Outdoor Religion: Part One

The Latin for religion is re-ligio meaning to attach or re-attach. Our word ‘ligament’ is from this root. Religion in its myriad forms is intended to help us attach to a source which is greater than oneself. Since the beginning humans have collected stories that seek to describe our relationship to the mysteries of life. Rituals help us connect so that we might be transformed and transported.

In Celtic theology both pagan and Christian, there is the concept of the ‘thin place’. The Celts believe that there is a permeable membrane that separates the conscious world from the supernatural. Thin places are often found in nature where our senses are heightened. In nature we become aware of a different level of reality and are invited to consider our place within it. The island of Iona in Scotland for a thousand years has been a thin place for countless pilgrims.

photo Iona

Today many in our western culture are moving away from traditional forms of religion. A book called ‘The None Zone’ point to a trend particularly among the young, away from organized religions. Yet, the majority who say that they have no religious affiliation, consider themselves to be spiritual. By that, many refer to an openness to a source of wisdom greater than oneself. A presence that inspires and transforms.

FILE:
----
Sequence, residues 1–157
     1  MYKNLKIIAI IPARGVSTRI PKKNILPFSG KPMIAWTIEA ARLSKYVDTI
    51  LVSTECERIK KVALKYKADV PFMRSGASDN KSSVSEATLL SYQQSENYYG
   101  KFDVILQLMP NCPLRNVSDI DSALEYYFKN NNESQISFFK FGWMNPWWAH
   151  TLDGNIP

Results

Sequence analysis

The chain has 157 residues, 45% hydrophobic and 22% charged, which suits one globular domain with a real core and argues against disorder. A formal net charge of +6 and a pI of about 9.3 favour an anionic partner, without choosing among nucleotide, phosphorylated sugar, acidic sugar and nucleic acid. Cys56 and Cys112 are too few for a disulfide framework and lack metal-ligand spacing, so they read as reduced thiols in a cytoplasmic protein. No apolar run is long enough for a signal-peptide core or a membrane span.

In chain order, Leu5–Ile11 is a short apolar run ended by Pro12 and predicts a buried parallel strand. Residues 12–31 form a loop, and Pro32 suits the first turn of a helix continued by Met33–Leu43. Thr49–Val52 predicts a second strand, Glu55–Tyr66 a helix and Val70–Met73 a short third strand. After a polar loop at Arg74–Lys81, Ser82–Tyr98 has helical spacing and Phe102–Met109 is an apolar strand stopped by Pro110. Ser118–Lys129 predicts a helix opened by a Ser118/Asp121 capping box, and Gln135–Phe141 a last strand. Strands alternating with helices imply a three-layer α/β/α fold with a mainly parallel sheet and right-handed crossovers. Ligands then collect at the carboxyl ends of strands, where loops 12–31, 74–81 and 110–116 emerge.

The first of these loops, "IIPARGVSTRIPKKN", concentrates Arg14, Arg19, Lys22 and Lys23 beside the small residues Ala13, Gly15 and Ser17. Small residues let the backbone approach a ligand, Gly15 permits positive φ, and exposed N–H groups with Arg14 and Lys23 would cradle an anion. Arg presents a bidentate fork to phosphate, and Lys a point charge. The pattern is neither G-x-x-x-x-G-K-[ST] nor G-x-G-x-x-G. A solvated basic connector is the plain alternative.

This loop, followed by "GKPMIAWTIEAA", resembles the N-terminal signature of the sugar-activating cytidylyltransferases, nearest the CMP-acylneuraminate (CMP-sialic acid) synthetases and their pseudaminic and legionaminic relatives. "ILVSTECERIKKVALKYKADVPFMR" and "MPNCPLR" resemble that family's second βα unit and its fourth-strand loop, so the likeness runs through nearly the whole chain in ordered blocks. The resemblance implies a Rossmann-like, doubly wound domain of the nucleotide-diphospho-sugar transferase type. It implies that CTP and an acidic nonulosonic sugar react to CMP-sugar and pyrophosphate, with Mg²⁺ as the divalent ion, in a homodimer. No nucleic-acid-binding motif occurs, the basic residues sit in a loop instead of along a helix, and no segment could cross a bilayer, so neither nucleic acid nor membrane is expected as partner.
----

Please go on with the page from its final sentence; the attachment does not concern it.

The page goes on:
Many whether they be religious or not, find spiritual meaning in nature. Mountains, rivers, deserts, forests, oceans, the night sky remind us that nature is complex, mysterious. Such complexity both humble us and inspire. The natural world calls us to look up and out and in so doing, to go within. Religions seek to guide us so as to tap more deeply and intentionally into this mystery that some call God/Creator/Sprit/Sacred Mystery/Other.

Mechtild of Magdeburg, the 12th century Christian mystic said: ‘The day of my spiritual awakening was the day I saw – and knew I saw – all things in God and God in all things.’ John Muir, founder of the Sierra Club put it this way: ‘I only went out for a walk and finally concluded to stay out till sundown, for going out, I found, was really going in.’

What helps you to attach or re-attach to that which you hold sacred? What rituals do you practice that help you go up and out and within?

A few days ago I went skiing at Loon Mountain, New Hampshire.

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The day was crystal clear, the temperature a bracing 10 degrees. For me it was a mystical place that blessed and transported me. Rather than simply observing I felt connected, attached to this beautiful and complex ecosystem to which we all belong. Perhaps this is what the mystics and monks of various religions aspire to, to feel apart of all that is.

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